Between intrusive ads and outright fraud, the online ad industry is a mess
If you work in the online ad business, you probably feel like you should be getting hazard pay, what with all the coverage of ad blocking and the righteous anger people seem to feel about intrusive ads and tracking scripts. But that’s not even the half of it: As Bloomberg Business notes, your industry is rife with all manner of shady tactics and even outright fraud.
One of the people Bloomberg spoke to for its story was Ron Amram, a marketing executive at Heineken USA who was involved in a major campaign involving the company’s new bottles. When the firm looked at the results, he says they were shocked: The ads were dramatically less effective than TV ads, in part because only 20% of the campaign’s ad impressions were seen by actual people. As he told Bloomberg:
“It was like we’d been throwing our money to the mob. As an advertiser we were paying for eyeballs and thought that we were buying views. But in the digital world, you’re just paying for the ad to be served, and there’s no guarantee who will see it, or whether a human will see it at all.”
This might have shocked Amram and his colleagues (their campaign took place a couple of years ago), but anyone who has been following the online advertising industry for any length of time knows that having only a small portion of your ads viewed by real people is the least of your problems. That kind of thing is almost taken for granted in the jungle that online advertising has become.
Even Google, by far the most dominant player in the industry, was shown this week to be charging clients for YouTube ads that are only viewed by “bots” or automated programs. A group of researchers found that although the search giant catches many of the fake views, a large number are not detected. Global ad giant WPP Group has said this is a major issue, and that Google is going to have to “up their game.”
As Bloomberg notes, a study done last year by the Association of National Advertisers tracked viewership of billions of digital ads over a period of time and found that 11% of display ads and almost 25% of video ads were only ever seen by bots, not people. The study estimated that fake traffic cost advertisers $6.3 billion a year.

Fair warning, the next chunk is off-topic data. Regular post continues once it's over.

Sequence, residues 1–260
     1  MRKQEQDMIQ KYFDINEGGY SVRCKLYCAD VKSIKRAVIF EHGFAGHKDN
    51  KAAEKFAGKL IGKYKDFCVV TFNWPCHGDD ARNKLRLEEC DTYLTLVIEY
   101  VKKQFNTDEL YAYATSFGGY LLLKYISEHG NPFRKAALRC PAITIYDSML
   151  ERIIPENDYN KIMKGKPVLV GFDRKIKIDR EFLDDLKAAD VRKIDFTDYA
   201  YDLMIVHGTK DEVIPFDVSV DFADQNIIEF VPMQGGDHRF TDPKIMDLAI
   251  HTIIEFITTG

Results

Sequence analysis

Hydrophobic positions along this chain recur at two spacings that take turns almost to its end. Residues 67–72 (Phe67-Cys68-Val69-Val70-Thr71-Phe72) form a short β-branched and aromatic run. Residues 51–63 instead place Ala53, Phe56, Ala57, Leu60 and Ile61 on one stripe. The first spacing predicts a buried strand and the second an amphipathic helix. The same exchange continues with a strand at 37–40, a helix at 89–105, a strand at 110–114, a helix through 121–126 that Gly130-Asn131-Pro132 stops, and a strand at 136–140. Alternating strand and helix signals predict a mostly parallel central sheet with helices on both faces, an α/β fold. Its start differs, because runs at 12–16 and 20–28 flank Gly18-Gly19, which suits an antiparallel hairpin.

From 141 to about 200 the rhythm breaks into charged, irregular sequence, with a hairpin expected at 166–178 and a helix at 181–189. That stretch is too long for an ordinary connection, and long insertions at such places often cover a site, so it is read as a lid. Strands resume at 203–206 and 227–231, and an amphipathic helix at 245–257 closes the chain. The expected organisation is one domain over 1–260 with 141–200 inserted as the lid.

Online traffic-measurement firm comScore did its own study that looked at a series of ad campaigns in 2012 and 2013 and found that more than 50% of the ads in those campaigns were never seen by a human visitor. At the time, retired advertising executive Bob Hoffman called it a “$7.5 billion swindle,” and said that many of the existing ad agencies and ad networks were in on the scam.
The kind of traffic buying that Bloomberg describes — in which publishers contract with shady ad networks, who in turn pay for fraudulent traffic from a series of underground sites and services — is just part of the problem. Then there are ads that are never shown but still get paid for, because they appear behind another ad, or because they are crammed into tiny boxes (which is known as “pixel stuffing”).
In many cases, ad buyers and agencies get kickbacks from the ad networks that they place these orders with, or “volume discounts” that amount to the same thing. So there is little incentive for the ad agency business to change its tactics, and all publishers care about is that they are getting lots of juicy-looking “traffic.”
Can anything break this cycle of dependency? Maybe ad blocking will be the wakeup call that both the publishing industry and the advertising industry need to rethink what they are doing, because right now they are locked in a death spiral. Jason Kint of Digital Content Next has called for a collective approach to “Advertising 2.0,” with collective standards of behavior and a focus on the user. But will anyone listen?